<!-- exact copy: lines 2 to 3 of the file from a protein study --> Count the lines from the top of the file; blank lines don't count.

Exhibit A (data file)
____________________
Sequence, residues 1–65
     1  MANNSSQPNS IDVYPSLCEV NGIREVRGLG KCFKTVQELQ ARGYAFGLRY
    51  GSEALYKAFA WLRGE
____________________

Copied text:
     1  MANNSSQPNS IDVYPSLCEV NGIREVRGLG KCFKTVQELQ ARGYAFGLRY
    51  GSEALYKAFA WLRGE